Skip to main content




Anywheel, QIQ among seven operators set to apply for e-scooter sharing licences

Anywheel, QIQ among seven operators set to apply for e-scooter sharing licences

A man riding an electric scooter. (File photo: TODAY)

SINGAPORE: Singapore bike-sharing firm Anywheel and new player QIQ will soon jostle for space in what could become a crowded electric scooter sharing market in 2019.

They are among seven operators who have confirmed with Channel NewsAsia that they plan to apply to run e-scooter sharing services in public areas when the Land Transport Authority (LTA) opens applications for licences in January.

The others are Beam, Grab, Lime, Neuron and Telepod.

Singapore-based QIQ (pronounced ‘kik’) hopes to install its e-scooter docks within 300 metres of each other in the central area.

Each device will cost S$1 to unlock, and another S$1 for each subsequent 20 minutes.

QIQ hopes to roll out both e-scooter and e-bicycle services in Singapore in mid-2019, with plans to offer shared personal mobility devices in Vietnam, Korea, Gibraltar and the Middle East.

Its CEO Justin Sim said he doesn’t believe in bringing in a huge fleet to capture market share.

“We believe we don’t need to populate that place, that city, with a huge number of assets to serve that community,” said Mr Sim. “We want the system to be running at its optimum. We want the system to be used non-stop, round the clock, by as many people as possible.”

Potential competitor Anywheel already has experience operating shared bicycles in Singapore, which it believes will help the company ease its way into the e-scooter market.

The startup currently operates a fleet of 1,000 bicycles under a regulatory sandbox licence, and said it will apply for the largest possible e-scooter fleet size allowed by LTA when applications open.

READ: LTA awards licences to six bike-sharing operators; ofo to downsize fleet to 10,000

"We want to offer more choices for our consumers," said founder and CEO Htay Aung. "As fun as bicycles get, some female users find it inconvenient, especially when they’re wearing skirts. And because of the humid weather here; if you don't like being sweaty, consumers will not choose bicycles.

The firm is working with private property owners to roll out "a couple of hundred" e-scooters in December, in areas like school campuses and industrial parks - areas that do not require a licence for operation.

Called JustScoot, the service will begin as a dockless model, before switching to mostly docking systems in future.

Users will be able to book the e-scooters on the Anywheel app, or an upcoming JustScoot app. Each device will cost S$1 to unlock and 10 cents to ride per minute.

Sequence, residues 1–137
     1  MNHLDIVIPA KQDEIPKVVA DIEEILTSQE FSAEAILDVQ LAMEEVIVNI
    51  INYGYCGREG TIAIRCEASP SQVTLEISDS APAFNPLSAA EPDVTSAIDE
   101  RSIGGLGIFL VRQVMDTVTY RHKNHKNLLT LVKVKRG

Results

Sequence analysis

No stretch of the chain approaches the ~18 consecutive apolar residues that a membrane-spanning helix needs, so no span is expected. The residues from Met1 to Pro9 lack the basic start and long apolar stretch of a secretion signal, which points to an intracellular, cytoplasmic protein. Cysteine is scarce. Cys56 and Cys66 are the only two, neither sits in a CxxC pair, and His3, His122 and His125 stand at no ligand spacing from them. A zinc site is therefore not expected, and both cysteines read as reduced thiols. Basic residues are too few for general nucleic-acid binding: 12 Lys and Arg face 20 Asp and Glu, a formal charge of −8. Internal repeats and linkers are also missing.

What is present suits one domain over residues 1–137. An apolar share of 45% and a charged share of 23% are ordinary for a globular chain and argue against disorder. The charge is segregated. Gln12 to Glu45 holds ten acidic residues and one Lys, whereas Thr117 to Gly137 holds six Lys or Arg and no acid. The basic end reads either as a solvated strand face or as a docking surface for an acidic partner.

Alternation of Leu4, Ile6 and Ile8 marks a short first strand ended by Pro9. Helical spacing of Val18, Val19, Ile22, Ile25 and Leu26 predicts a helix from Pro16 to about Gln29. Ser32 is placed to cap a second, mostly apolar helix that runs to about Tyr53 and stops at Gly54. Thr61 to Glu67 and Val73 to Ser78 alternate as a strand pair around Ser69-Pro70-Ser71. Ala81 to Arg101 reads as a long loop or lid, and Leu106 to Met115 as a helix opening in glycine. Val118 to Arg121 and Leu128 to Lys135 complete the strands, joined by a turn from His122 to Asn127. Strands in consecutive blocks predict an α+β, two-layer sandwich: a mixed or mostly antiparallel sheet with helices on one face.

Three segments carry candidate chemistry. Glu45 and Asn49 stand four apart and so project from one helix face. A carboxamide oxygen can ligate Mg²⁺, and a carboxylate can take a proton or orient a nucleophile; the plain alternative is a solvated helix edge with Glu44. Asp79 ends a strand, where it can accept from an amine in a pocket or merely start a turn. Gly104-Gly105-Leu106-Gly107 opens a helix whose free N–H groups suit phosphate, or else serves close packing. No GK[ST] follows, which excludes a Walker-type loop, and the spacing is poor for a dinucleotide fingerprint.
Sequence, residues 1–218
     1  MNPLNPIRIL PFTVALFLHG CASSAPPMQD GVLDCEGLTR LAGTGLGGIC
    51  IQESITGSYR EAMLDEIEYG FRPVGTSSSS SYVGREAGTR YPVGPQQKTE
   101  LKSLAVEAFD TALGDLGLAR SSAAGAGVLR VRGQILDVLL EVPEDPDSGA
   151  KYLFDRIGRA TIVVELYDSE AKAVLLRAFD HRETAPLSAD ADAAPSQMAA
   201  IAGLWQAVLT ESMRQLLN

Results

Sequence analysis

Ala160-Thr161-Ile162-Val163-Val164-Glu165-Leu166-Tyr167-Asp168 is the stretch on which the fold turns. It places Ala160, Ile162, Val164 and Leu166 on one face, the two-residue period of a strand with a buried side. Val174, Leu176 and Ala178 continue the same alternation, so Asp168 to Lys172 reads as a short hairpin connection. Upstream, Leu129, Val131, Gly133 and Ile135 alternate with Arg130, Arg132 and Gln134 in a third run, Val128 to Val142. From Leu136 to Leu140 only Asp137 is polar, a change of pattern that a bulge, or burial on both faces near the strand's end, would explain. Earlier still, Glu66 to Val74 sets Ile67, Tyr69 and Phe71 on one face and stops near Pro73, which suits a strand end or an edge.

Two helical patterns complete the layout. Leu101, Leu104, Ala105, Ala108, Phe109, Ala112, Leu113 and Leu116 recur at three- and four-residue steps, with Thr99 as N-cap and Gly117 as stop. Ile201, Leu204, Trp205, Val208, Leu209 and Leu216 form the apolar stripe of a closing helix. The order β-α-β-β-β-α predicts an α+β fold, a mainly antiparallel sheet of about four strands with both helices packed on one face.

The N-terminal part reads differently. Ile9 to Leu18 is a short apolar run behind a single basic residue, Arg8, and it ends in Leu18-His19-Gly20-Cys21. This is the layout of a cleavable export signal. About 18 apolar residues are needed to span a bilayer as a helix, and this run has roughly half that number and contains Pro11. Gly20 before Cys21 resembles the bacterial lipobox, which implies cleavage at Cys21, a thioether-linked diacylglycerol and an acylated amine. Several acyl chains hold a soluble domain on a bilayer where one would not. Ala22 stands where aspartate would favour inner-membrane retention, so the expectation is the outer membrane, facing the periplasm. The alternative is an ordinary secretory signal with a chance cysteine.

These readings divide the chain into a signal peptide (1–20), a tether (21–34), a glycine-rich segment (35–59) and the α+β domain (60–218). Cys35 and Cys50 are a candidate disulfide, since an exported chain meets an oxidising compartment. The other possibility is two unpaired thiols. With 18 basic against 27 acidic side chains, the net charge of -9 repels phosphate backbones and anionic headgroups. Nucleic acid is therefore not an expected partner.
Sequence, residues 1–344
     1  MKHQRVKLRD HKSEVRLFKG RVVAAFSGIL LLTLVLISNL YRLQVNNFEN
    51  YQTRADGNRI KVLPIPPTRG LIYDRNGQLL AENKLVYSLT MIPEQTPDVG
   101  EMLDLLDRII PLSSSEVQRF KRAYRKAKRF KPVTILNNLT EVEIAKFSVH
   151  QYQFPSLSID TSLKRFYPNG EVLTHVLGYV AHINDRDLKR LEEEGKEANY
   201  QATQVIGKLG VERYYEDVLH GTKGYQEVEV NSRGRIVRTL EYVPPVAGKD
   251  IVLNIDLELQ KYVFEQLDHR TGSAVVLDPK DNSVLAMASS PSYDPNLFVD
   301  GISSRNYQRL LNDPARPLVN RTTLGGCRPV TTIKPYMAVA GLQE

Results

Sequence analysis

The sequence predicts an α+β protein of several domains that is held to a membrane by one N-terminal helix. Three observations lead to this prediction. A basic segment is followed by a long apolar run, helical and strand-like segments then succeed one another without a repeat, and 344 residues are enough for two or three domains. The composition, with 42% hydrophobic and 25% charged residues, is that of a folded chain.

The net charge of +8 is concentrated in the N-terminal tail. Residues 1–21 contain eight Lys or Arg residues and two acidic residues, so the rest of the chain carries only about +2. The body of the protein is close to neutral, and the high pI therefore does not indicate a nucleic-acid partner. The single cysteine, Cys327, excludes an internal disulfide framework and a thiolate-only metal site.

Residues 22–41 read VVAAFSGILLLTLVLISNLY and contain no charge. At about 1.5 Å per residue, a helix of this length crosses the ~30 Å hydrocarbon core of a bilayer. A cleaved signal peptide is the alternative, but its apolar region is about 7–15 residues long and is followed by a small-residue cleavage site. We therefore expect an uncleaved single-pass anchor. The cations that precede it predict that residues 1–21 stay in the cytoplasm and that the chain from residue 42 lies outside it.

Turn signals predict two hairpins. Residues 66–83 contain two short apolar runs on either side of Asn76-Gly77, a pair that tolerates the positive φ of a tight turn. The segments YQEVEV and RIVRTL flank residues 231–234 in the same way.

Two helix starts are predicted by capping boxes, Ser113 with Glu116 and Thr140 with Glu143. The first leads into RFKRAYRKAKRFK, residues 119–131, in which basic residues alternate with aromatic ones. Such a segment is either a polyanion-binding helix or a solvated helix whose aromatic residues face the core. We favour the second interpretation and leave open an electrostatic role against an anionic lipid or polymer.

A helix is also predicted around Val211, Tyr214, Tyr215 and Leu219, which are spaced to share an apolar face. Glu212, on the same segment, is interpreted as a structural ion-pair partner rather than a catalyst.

The firm plans to roll out services in Australia shortly after its launch in Singapore.


Other operators are opting for a dockless model.

While this means it could be easier for users to find a scooter anywhere they are, operators will face challenges in getting their devices located in prime locations.

Local startup Beam will pay users to take the devices home to charge overnight, and place them in prime locations in the morning.

"We're going to see where people want to take trips, where they're picking up scooters, and try to make sure our scooters are available in those locations," said Beam's vice-president of corporate affairs Christopher Hilton.

"At the beginning, we’re going to deploy in areas close to transit points. One of our hopes is that Beam trips are facilitating public transport trips."

US e-scooter operator Lime - the only foreign entrant so far - is already using this model in other countries and plans to replicate it here.

It has deployed a pilot fleet at Science Park, and plans to roll out e-scooters at Changi Business Park and International Business Park.

Both Beam and Lime will also charge S$1 to unlock the vehicles, but it will cost 15 cents a minute to ride a Beam e-scooter, and 20 cents a minute for Lime.

Meanwhile, homegrown tech firm Grab also hopes to operate a dockless model.

It rolled out a three-month e-scooter sharing trial at the National University of Singapore on Nov 19. During the pilot period, each ride will cost 20 cents per 30 minutes.

A student at NUS unlocks an e-scooter using the GrabWheels beta app. (Photo: NUS)


As of now, shared e-scooters cannot operate in public areas unless given exemptions.

Several operators have already been caught for breaking this rule.

LTA said on Nov 13 that it had impounded 42 personal mobility devices belonging to operators including local start-ups Telepod and Neuron, whose e-scooters were found available for hire outside permitted areas.

READ: LTA impounds PMDs from Neuron Mobility, Telepod and Beam

Both firms are only allowed to operate in areas like one-north under partnerships with private landowners like JTC.

A Beam e-scooter was also found available for hire at Bugis MRT station, though the company has not been given an exemption to operate in any part of Singapore.

In response to Channel NewsAsia's queries, Beam said that it was doing tests and has since complied with regulations.

But there may be repercussions for these operators.

LTA has said it will consider the companies’ track record, including their compliance with the law and regulatory requirements, when evaluating licence applications.

Source: CNA/nh(ra)


Also worth reading